Report: Wind Energy in the US is now Cheaper Than Ever

The US Department of Energy's report shows that wind energy prices are at significant lows compared to 2009.

wind-energy

The wind power sector in the US has been on a steady incline over the last four decades, but a new report shows that wind energy is now being sold at “record-low prices” for the first time in its history.

On August 8, the US Department of Energy (DOE) released its 2016 Wind Technologies Market Report that details a number of trends in the US wind power sector, including record low wind energy prices.

According to the report, the US national average price for wind power purchase agreements (PPAs) has dropped to $0.02 per kilowatt hour (kWh) compared to $0.07 per kWh in 2009.

That said, the report states the average is “dominated by projects that hail from the lowest-priced Interior region of the country,” including Texas, Iowa and Oklahoma.

“Today’s low PPA prices have been enabled by the combination of higher capacity factors, declining costs and record-low interest rates,” the report reads.

“Wind energy prices—particularly in the central United States, and supported by federal tax incentives—are at all-time lows, with utilities and corporate buyers selecting wind as the low-cost option,” Ryan Wiser, a Berkley Lab Senior Scientist and co-author of the report said.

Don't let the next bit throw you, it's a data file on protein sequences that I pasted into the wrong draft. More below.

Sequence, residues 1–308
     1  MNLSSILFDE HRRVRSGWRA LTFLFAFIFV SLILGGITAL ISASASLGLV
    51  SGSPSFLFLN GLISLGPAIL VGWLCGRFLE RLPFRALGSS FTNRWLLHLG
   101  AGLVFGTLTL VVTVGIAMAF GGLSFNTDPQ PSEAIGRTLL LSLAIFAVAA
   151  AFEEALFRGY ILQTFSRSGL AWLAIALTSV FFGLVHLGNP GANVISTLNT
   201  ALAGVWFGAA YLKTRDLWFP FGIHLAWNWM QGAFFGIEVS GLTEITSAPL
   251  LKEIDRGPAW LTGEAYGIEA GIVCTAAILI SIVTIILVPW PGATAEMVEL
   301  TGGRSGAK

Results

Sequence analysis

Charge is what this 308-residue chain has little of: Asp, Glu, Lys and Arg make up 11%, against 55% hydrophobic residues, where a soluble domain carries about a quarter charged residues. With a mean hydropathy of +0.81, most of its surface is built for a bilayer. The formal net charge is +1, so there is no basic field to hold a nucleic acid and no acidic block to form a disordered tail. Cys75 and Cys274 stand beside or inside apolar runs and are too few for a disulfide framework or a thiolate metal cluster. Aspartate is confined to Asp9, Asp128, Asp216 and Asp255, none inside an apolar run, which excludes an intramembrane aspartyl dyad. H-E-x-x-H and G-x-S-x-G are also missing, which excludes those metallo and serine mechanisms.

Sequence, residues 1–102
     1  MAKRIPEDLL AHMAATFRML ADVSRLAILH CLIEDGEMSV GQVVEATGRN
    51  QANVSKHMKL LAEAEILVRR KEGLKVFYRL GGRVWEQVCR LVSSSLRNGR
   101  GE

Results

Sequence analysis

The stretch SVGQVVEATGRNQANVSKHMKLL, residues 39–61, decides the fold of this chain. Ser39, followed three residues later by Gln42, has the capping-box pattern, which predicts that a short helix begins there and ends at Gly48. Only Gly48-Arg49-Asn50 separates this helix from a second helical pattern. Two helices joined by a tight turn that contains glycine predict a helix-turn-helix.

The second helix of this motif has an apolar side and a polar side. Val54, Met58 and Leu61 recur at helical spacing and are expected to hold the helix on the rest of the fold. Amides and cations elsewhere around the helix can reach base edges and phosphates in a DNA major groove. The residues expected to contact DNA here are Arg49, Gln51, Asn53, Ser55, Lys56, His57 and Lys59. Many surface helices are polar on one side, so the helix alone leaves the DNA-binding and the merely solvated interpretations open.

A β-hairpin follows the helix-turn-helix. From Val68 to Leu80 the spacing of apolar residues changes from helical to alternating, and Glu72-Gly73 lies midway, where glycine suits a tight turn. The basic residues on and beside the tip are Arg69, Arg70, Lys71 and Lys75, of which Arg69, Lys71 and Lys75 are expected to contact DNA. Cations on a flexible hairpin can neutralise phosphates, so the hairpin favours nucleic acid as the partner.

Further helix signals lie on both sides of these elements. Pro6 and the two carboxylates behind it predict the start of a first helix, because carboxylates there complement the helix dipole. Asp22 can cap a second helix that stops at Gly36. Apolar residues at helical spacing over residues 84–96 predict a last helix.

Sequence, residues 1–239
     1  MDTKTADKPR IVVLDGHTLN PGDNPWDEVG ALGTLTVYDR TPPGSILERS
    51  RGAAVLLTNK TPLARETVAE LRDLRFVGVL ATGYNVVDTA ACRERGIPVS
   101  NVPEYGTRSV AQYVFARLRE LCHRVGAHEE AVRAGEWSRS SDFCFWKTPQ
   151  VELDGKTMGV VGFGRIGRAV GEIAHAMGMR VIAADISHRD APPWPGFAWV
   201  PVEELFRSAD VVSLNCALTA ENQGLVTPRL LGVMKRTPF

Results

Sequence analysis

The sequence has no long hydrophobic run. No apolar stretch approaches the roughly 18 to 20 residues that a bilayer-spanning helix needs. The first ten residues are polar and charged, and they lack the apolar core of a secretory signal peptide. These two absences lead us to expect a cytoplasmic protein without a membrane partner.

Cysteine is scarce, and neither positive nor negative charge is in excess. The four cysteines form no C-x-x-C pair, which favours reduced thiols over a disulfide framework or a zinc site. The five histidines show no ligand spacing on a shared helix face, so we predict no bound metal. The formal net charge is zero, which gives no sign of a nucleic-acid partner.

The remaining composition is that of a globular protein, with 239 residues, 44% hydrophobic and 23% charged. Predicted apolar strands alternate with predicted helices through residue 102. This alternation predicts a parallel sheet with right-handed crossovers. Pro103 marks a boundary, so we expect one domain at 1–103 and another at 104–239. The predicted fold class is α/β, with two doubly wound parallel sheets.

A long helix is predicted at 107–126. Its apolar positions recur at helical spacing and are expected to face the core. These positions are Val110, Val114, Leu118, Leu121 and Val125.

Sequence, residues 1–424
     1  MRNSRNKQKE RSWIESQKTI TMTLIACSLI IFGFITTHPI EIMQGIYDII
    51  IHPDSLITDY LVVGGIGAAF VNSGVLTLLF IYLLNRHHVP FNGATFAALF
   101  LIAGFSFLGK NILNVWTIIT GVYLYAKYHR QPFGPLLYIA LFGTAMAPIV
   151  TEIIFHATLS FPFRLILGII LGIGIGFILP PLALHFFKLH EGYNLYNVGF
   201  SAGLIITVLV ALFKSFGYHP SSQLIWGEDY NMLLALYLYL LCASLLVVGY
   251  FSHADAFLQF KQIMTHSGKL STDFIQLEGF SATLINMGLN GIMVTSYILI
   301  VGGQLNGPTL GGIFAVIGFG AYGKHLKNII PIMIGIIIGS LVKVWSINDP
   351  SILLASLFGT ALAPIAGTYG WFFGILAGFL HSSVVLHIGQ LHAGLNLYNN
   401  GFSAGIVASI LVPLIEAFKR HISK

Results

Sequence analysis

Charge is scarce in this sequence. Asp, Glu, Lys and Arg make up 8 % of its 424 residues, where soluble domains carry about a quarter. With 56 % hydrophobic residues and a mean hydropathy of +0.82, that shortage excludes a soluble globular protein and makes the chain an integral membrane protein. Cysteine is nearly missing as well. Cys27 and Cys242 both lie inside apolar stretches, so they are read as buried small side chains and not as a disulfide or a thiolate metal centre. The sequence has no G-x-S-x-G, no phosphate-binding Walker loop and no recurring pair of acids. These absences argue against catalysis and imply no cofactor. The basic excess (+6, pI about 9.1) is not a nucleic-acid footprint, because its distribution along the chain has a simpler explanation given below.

The Wind Technologies Market Report also highlights that low prices have increased demand for wind energy from traditional electric utilities and from corporations, universities and municipalities.

The chart below details wind price trends in comparison with the cost of operating gas plants across the US between January 1996 and January 2017.

Credit: US Department of Energy 2016 Wind Technologies Market Report

Credit: US Department of Energy 2016 Wind Technologies Market Report

In addition to low cost wind energy, the cost of building wind turbines has also gotten much cheaper, which has led to a decline in project-level costs. For perspective, the average cost of a wind project in 2016 was $1,590/kW down $780/kW from 2009-2010.

With that in mind, nearly $13 billion was invested in new wind power plants in 2016, while 27 percent of all US power was generated by wind energy.

“In 2016, wind energy contributed 5.6 percent of the nation’s electricity supply, more than 10 percent of total electricity generation in 14 states, and 29 percent to 37 percent in three of those states,” a news release on the report indicates. Those three US states include Iowa, South Dakota and Kansas.

Looking ahead, it goes without saying that those numbers bode well for the growth of the wind energy sector. For example, the US Energy Information Administration estimates that wind capacity will increase to 88 GW by the end of 2017, up from 81 GW at the end of 2016. By the end of 2018, the agency estimates that number will rise to 102 GW. As a result, it won’t be surprising if costs continue trending lower.

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Securities Disclosure: I, Jocelyn Aspa, hold no direct investment interest in any company mentioned in this article. 

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